Only hours after the FBI circulated photos and videos of the Boston Marathon bombing suspects, the story began moving at lightning speed and the 24-hour news nets were all over it. At press time a little before 5 a.m., according to CNN and Fox News and others, an MIT police officer had been killed by a pair of gunmen identified as the suspects; one of the suspects–suspect number one in the dark cap–had been killed in a shootout with police; a transit officer was wounded; there had been a car-jacking that led to the chase and shootout; and residents of Watertown, Mass., were being warned by police and news outlets to stay indoors, not answer the door for anyone other than policy, and if they were on the roadway not to stop for anyone because subject number two, the white-hatted suspect now wearing a grey hoodie, was still on the loose.
Police are also concerned that the suspect may be armed–or wired–with explosives. During the police shootout, according to CNN, police said they believed the suspects threw explosives out the window at them.
Jake Tapper and John Berman were anchoring the coverage for CNN and the network was being careful not to characterize the suspect’s appearance or possible nationality, calling them extremists and reporting the police warning that the remaining suspect was a terrorist who wanted to kill and maim people.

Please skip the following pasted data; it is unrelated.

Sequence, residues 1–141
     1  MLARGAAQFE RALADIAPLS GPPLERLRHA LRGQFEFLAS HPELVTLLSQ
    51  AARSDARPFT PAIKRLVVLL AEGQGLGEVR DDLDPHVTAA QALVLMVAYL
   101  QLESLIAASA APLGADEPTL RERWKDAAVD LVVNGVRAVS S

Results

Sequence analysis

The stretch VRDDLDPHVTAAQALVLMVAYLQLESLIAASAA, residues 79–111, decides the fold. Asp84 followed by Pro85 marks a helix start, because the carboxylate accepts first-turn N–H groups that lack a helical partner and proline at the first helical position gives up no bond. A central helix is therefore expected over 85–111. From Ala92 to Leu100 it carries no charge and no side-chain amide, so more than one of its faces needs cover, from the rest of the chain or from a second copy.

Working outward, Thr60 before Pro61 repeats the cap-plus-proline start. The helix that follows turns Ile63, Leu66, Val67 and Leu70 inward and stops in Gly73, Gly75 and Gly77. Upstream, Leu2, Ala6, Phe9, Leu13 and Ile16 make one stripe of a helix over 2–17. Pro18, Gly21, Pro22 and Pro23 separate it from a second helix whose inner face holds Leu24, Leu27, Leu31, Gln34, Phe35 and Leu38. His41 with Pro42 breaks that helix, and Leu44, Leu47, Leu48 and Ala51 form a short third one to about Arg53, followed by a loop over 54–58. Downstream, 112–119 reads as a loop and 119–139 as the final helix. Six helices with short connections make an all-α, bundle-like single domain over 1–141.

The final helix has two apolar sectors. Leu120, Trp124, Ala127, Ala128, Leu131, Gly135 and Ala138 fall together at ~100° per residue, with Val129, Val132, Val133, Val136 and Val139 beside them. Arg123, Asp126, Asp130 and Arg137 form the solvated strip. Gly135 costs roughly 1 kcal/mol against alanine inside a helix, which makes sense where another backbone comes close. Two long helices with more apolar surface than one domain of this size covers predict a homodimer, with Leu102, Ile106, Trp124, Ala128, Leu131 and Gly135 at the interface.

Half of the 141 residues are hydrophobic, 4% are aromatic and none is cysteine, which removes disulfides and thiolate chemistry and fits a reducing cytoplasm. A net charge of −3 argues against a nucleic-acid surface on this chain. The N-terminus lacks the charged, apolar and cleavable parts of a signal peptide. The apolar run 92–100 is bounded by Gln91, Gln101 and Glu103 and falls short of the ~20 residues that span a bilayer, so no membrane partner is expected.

So much information is coming in and the situation is so fluid, said Berman.
Among that new information–in particular several new pictures of the suspect–appeared to have been prompted by the FBI’s release of the photos and videos to media and the public, including a surveillance photo of suspect number 2 now wearing the hoodie, and a clearer cell phone photo of that suspect.
In a hospital press conference at Massachusetts General, where the suspect was pronounced dead, one doctor said he alerted the emergency department to let them know something was happening after watching news coverage of the MIT officer shooting and unfolding events.
The hospital would only say that they had admitted a patient with multiple gunshot wounds and blast injuries to the torso who was already in cardiac arrest when he got there. He was identified as an adult male.
The speed of events following the publication of that info recalled the sniper shootings in D.C., when suspects there were caught soon after broadcasters–who had picked up the info on a police scanner–put out the license plate number of a car suspected to have been used by them.